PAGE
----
Friday, September 25, 2015

Flor de Izote (Yucca) Blossoms Omelette

Flor de Izote (Yucca) Blossoms Omelette
Photo by Leticia Alaniz © 2015
In the last hot days of summer, a cool evening breeze sweeps across the region and starts signaling the beginning of fall and the change of seasons.  The arid countryside dresses in a festival of flowers in bright reds, oranges, lilacs and whites.  All over Mexico, the american southwest, and down towards Guatemala and El Salvador, one particular plant performs a spectacular show pointing towards the sky as if to appeal to the stars with a grandiose plumage of white flowers shaped like bells.  They make their way high on a plant of long, evergreen, pointy daggers that could very well function like swords.  It's a stark contrast of delicate flowers and firm, strong spears that have tips like needles.  

Izote (Yucca) Plant in Bloom
Photo by Leticia Alaniz © 2015
In México and all of Central America, it is called Flor de Izote or palma, but in the American Southwest it is called the yucca plant.  The general name yucca can apply to many species of trees and shrubs that are found mostly in the desert.  There are other common yuccas like the Mohave and the Joshua Tree, which can grow up to a majestic 60 feet high.  The izote or yucca plants will only bloom when there is pollination by the nocturnal moths which come out at night to feast on the nectar in the most perfect conditions.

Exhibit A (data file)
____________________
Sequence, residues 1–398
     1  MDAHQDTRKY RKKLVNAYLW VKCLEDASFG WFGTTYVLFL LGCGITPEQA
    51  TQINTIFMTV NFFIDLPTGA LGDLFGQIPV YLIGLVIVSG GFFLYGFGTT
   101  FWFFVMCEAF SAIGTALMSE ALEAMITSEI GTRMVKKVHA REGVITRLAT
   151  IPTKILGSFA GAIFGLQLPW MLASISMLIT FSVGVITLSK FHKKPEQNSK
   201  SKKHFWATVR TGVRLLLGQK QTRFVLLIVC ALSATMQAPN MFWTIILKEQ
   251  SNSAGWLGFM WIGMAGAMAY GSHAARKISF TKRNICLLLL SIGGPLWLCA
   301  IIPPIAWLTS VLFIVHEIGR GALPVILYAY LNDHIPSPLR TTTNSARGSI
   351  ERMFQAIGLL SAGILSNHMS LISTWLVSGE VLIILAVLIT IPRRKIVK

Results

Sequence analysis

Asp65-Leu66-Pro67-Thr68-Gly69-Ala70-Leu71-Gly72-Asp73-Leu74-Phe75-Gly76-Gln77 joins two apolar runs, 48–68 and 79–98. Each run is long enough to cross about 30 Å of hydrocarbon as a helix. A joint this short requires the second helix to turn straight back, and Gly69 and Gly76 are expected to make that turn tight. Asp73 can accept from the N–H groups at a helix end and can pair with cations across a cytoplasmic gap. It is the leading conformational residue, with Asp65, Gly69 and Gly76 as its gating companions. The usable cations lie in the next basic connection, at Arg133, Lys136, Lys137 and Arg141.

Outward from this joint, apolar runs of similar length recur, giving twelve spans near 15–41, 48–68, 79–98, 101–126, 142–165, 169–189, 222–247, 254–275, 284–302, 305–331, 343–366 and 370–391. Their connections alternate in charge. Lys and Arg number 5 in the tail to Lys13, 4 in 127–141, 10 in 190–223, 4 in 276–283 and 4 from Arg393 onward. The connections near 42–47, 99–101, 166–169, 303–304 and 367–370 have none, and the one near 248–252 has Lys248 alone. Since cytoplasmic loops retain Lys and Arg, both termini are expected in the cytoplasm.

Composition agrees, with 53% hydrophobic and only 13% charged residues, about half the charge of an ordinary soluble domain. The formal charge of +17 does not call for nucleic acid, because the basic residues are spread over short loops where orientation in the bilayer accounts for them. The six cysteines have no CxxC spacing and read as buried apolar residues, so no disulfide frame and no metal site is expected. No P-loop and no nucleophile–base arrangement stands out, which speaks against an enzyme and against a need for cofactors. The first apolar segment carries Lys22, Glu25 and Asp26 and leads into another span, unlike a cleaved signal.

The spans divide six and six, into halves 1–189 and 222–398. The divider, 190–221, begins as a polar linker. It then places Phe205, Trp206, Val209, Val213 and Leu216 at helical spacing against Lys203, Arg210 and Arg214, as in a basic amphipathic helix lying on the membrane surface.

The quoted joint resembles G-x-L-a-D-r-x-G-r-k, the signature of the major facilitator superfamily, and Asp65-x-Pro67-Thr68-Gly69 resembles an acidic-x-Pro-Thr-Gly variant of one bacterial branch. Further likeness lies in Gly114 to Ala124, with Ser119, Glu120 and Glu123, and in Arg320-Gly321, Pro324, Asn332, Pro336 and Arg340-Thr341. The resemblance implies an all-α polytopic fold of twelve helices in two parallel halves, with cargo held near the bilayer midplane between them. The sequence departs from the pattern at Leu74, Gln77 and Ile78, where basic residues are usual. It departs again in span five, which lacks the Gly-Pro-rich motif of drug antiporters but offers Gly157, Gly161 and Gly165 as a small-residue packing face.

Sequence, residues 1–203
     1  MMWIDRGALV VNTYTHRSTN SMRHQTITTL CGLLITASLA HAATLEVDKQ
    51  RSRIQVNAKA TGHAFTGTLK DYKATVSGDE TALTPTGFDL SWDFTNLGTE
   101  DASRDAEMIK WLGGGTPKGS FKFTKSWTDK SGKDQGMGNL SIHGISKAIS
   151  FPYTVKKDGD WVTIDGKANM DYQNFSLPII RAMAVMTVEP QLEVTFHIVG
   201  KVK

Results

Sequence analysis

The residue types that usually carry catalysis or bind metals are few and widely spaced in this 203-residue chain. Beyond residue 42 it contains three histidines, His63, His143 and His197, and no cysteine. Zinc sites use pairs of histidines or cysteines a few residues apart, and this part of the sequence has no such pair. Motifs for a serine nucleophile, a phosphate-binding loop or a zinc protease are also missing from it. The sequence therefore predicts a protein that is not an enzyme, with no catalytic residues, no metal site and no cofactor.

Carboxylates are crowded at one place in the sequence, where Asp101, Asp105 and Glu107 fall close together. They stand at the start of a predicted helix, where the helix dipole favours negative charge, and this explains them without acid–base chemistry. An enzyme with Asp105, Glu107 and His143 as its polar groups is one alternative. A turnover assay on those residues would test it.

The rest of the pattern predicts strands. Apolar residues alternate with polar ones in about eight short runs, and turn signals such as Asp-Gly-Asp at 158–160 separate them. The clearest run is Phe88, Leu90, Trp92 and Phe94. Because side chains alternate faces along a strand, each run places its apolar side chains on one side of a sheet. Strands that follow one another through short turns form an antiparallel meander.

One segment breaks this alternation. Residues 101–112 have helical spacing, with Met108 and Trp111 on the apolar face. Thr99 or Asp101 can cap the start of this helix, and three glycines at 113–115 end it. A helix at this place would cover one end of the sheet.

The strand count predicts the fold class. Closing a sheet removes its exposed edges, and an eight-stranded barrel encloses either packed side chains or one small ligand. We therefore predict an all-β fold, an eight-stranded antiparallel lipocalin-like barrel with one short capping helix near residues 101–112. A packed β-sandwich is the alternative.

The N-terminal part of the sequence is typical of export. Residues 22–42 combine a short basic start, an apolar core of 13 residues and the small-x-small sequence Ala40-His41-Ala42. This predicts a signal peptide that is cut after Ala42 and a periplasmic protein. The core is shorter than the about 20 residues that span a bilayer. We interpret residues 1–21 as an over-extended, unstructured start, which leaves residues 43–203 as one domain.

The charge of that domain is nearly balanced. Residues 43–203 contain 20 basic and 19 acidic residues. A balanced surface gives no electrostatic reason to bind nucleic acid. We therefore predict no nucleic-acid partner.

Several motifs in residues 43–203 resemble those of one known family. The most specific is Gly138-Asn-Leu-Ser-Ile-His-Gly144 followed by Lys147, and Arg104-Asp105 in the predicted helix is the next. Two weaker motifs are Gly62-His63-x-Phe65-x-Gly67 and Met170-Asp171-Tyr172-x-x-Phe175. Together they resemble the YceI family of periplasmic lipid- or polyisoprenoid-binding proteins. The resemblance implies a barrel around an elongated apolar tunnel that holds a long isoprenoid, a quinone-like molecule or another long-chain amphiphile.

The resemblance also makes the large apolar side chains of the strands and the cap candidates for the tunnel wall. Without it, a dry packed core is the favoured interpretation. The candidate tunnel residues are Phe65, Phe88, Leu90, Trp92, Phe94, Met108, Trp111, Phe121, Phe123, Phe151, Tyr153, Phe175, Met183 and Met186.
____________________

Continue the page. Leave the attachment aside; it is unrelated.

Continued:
For hundreds of years, ancestral Mexican natives knew about the many uses for the flor de izote.  The green, dagger swords have been used for fiber in making mecate (rope), huaraches (sandals), mats, baskets and cloth.  The roots were cooked to make soap.  The fruits and blossoms were eaten raw or cooked as well as fermented to produce a beverage for sacred rituals. 

Rock Band U2 for The Joshua Tree Album Cover (1987)

When the famous rock band U2 (based out of Ireland), started to record their fifth studio album, which was released in 1987, they wanted to depict a theme  which would evoke a sense of location with spiritual imagery, ancestral open spaces, and the sacred land of the natives before any conquering.  Lead vocalist Bono’s travels to Mexico, Central and North America led him to eventually decide on the land bordering Mexico and California in the Mohave Desert.  For the band, the yucca plant or the joshua tree represented a plant that bloomed in the desert for a show of flowers once a year, yet at the same time it depicted freedoms and ideals, the rain, the dust and spiritual drought which they believed was in need of attention around the world.  They named their album The Joshua Tree in honor of the great ancestral desert plant which gave them the inspiration for many of the songs on their album.  It is a song that defines a restless spirit on the quest for sincerity and down home roots in lyrical ancestry.  It depicts a peaceful place in which there is nothing but sweet smelling earth and its not divided by races, governments, flags, streets or colors.  Its a place where everybody is one.